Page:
Are you a technology buff? Do you fancy yourself as a bit of a DJ? Has music production always been something you have wanted to try but you have never known where to start? If the answer is yes to any of these questions, thankfully Wastefellow is here to help. As part of Trinity Arts Festival (TAF), local producer Wastefellow will be in the University Philosophical Society (the Phil) Conversation Room at 4pm this Friday running an Ableton workshop. Whether you just want to brush up on your already brilliant skills or have never heard of Ableton before, all are welcome.
It is highly likely that you have heard the name Wastefellow at some point over the past few months, considering his sudden and meteoric rise in the Dublin music scene. The real man behind the name is Diolmhain Ingram Roche, who is not only a talented producer but also a skilful vocalist. Recently, he has supported Shabazz Palaces in The Sugar Club and played in venues such as The Workman’s Club and Dun Laoghaire’s The Bar, as well as various dates abroad.
Wastefellow is known for his original sound, which incorporates hip-hop beats and elements of psychedelia, post-dubstep, bass, garage and synth. His debut EP, Amazed, A Maze!, was released in 2016. His following EP, Post Human Potential, released on Kojaque’s Soft Boy Records, discusses humanity’s relationship with technology and the virtual worlds in which people use it to inhabit.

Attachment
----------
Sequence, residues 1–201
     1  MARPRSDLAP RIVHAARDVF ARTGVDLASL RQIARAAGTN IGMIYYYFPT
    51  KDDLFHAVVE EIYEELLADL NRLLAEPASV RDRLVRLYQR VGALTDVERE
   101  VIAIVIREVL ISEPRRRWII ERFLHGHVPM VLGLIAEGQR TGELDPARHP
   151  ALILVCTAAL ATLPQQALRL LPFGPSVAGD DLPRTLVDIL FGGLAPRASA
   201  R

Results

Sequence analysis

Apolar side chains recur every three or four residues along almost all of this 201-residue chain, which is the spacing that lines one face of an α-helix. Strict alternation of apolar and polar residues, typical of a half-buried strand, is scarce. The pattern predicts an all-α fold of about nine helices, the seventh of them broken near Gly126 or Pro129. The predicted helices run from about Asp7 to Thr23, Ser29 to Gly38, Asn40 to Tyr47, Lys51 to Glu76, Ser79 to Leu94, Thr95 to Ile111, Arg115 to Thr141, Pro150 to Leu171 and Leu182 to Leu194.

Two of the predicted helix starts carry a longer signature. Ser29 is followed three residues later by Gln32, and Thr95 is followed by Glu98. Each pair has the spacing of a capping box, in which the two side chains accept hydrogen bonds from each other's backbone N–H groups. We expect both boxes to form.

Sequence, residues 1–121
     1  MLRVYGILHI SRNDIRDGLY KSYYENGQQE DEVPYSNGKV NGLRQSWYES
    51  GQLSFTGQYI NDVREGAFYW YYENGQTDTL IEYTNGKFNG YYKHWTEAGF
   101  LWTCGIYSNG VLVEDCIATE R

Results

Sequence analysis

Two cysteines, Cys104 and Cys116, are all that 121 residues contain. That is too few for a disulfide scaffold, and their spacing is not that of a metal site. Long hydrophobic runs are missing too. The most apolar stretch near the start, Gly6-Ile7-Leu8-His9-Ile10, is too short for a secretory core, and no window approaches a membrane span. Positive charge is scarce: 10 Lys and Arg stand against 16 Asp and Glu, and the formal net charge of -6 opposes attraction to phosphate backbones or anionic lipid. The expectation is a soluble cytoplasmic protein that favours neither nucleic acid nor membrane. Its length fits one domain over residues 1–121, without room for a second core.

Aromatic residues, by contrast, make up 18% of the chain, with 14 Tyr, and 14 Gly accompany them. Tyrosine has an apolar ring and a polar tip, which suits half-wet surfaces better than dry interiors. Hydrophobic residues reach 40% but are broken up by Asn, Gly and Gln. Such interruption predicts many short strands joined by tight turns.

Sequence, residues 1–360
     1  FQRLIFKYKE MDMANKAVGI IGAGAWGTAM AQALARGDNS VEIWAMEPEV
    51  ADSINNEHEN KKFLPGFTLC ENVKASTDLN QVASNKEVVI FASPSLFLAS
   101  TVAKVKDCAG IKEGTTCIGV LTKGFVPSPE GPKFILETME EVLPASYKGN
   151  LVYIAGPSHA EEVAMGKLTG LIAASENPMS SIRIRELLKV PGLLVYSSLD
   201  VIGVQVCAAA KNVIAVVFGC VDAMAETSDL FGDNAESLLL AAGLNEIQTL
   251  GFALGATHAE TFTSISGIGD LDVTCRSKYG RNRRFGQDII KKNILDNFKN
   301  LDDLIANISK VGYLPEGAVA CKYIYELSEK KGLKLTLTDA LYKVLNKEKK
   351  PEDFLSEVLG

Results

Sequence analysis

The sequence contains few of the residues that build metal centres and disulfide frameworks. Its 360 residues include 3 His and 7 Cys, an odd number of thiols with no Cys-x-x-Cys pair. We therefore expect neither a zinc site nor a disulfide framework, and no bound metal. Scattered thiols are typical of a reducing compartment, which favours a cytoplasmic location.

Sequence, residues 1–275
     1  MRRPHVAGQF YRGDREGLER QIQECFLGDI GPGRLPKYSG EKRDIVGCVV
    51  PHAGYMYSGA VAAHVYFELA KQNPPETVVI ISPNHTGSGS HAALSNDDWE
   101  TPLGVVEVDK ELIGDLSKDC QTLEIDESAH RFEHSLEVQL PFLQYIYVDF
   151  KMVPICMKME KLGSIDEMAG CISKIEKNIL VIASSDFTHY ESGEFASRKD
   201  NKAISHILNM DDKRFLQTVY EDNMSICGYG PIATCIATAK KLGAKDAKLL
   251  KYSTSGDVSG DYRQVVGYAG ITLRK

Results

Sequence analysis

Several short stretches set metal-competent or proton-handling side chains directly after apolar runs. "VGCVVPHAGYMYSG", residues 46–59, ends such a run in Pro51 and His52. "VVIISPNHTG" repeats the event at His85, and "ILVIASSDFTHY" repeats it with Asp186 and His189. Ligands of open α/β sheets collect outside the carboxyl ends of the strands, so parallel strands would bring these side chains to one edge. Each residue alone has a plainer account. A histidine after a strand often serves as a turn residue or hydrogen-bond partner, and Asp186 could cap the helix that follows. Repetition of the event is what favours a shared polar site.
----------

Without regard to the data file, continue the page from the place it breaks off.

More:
Ableton Live is a software music sequencer and digital audio workstation that can be used with Windows and Mac OS. Its various functions include recording, composing, arranging, mastering and mixing music. It is a tool that is frequently adopted by DJs, as it provides controls for effects such as beatmatching and crossfading. It is designed for use in both production and live performance. Agreeably, it automatically comes with two instruments: impulse and simpler. Impulse allows the users to define a selection of eight different drum sounds, while simpler is a sampling instrument. Additional instruments can be purchased separately.